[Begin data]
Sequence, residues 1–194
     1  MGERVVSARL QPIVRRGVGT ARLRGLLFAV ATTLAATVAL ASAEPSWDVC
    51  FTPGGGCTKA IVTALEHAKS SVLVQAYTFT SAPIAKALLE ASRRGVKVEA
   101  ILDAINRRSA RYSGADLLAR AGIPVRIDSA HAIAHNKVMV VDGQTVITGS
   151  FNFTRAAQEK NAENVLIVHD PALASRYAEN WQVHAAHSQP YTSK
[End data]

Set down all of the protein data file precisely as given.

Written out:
Sequence, residues 1–194
     1  MGERVVSARL QPIVRRGVGT ARLRGLLFAV ATTLAATVAL ASAEPSWDVC
    51  FTPGGGCTKA IVTALEHAKS SVLVQAYTFT SAPIAKALLE ASRRGVKVEA
   101  ILDAINRRSA RYSGADLLAR AGIPVRIDSA HAIAHNKVMV VDGQTVITGS
   151  FNFTRAAQEK NAENVLIVHD PALASRYAEN WQVHAAHSQP YTSK